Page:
thematic, informational; discourse orgaizational and metalingual (Fawcett 1980: 58).

Not all of them are relevant for an explication of the functions of intonation, but this

finer set of distinctions gave me clues to discovering the catogories that are relevant

for intonation. I eventually found it useful to present the functions of intonation in

terms of six slices of meaning, or roles in discourse. (A similar kind of

categorization, though by no means identical, is to be found in Brown, Currie &

Kenworthy (1980), Couper-Kuhlen (1986), and Crystal (1997)).

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2 Identification of spoken genres

The first function of intonation I want to describe is related to a discourse as a

whole. It was not acnowledged by either Halliday or Fawcett, but it was by Pike.

Different genres have a different sound. If you switch on the radio at random, you

can tell almost immediately what kind of language event is taking place, even if the

actual wording is muffled or unclear - as it might be against excessive noise

interference. The sound of news reading is noticeably different from other

monologues; quite different, for instance, from a weather forecast, or a narrative, or

poetry, or preaching, or prayer, and so on. The sound of an informal conversation is

different from a debate, or an interview, or an interrogation, or a drama, and so on.

The distinctive sound of a genre is its prosodic composition. Intonation is

a vital contributor to prosodic compositions by way of length of intonation units,

proportions of falls and rises, degree of variety of tones and pretonic patterns. Other

paralinguistic features include variations in tempo, loudness and pitch; degree of

rhythmicality, resonance and tension; and the possibility of vocalizations like whisper,

huskiness and creaky voice. All of these paralinguistic features typically

characterize a whole intonation unit or, indeed, a sequence of them. Prosodic

composition then refers to the totality of such features characterizing a whole

discourse.

One example alone will have to suffice. What is it that makes prayer sound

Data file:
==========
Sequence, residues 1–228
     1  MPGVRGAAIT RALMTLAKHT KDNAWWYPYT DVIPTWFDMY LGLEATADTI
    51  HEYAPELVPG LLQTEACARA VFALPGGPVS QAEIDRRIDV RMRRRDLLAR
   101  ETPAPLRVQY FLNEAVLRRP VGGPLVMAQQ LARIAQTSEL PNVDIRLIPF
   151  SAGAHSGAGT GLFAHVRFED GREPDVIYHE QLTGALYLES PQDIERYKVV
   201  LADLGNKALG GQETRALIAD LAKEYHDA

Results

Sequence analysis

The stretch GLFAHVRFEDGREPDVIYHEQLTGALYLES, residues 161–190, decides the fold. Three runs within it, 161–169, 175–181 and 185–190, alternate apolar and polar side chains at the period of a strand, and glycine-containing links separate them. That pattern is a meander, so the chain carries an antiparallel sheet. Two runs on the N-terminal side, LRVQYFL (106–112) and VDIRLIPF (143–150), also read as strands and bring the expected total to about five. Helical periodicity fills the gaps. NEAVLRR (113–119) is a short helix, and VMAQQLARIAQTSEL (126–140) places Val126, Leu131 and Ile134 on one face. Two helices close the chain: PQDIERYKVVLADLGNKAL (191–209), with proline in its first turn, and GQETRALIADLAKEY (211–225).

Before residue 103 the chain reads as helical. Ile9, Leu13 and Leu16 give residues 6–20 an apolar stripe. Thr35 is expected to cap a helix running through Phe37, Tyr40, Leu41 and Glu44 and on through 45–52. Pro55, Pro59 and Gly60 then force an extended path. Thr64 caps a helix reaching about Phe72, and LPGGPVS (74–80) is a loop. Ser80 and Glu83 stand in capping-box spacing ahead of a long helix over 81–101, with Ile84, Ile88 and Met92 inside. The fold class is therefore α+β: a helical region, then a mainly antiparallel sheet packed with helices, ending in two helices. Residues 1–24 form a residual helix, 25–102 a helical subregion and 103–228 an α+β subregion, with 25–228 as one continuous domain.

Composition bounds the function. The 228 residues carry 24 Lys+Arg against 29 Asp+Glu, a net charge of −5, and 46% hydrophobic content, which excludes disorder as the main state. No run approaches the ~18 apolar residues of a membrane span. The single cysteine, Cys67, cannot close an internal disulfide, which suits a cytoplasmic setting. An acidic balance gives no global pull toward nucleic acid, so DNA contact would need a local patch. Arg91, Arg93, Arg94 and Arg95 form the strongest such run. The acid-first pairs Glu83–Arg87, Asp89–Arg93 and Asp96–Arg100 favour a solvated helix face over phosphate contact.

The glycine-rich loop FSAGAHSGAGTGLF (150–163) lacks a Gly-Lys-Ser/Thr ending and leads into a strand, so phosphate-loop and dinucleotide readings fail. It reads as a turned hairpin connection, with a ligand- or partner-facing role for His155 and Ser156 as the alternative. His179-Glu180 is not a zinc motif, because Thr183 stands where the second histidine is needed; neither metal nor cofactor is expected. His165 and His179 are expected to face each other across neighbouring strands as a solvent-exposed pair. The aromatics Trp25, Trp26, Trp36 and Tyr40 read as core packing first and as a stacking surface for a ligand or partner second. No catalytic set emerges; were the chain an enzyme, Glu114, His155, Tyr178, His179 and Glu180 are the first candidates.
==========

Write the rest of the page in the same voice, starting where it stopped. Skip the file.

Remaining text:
like prayer? Look at the following transcript of a well known prayer as recorded on

radio; notice that each intonation unit, except the final one, contains a level tone

(Tench 1990: 504).

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(2) our * -father* (*trem)
- which art in -heaven
- hallowed be thy *-name* (*trem)
- thy kingdom -come
- thy will be -done
. in earth . as it is in -heaven
- give us this -day
. our daily -bread
- and for give us our -trespasses
- as we for give -them
. that trespass a gainst -us
- and lead us not into temp-tation
- but *de liver us* from -evil (*trem)
- for thine is the -kingdom
. the power and the -glory
- for ever and -ever
- a\men

The pretonic pattern is usually level too, but at a slightly higher pitch than the tone

itself. The only significant pitch movement is in the final unit: a fall to signify

completion. Also each intonation unit is followed by a pause of stressed syllable

length (symbolized by -), except where a clause is not completed (cf. lines 5-6; 10-

11; 14-15), in which case the pause is much shorter (symbolized by .). (The items in

the right bracketed column indicate paralinguistic features that relate either to the

whole unit or to the part marked off by *; trem = tremulousness.)

In case it is argued that these characteristics are caused by the choral effect

of a congregation speaking in unison, I add here a second example, said by the

minister by himself, impromptu, at the beginning of the service (Tench 1990: 505).

Exactly the same characteristics prevail.

(3) al mighty -God


. and our most merciful -father
- we thank Thee that we can come to -Thee
- in that name which is above every other *-name* (*trem)
- the * name* of our Lord and Saviour Jesus -Christ
(descend)(*trem)

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- and as we es pecially re member to-day
- the resur rection . of Jesus -Christ
- we ask Thee in Thy -mercy
- that Thy presence . will be -with us
- and with all who will share . this -service (descend)
. with us as -well
- for this we -ask (ascend)

Our cultural conception of this particular kind of spoken discourse includes this

peculiar, distinctive, prosodic composition.

Try saying either prayer with a variety of tones, etc, and you lose the sense of

the sound of prayer; to some, such substitution might even suggest a mocking of

prayer. For further reading on the genre function of intonation, see Tench (1990:476-

514), Crystal & Davy (1969, 1975) and Johns-Lewis (1986).

3 Phonological paragraphing

The second function of intonation above the level of the clause is related to the

equivalent of paragraphing in the written mode. In the same way as a writer organizes

their total message into a series of topics contained in paragraphs, a speaker uses

certain features of intonation to indicate what I have called phonological paragraphs.

This phonological paragraphing is most distinctly heard in newsreading, where a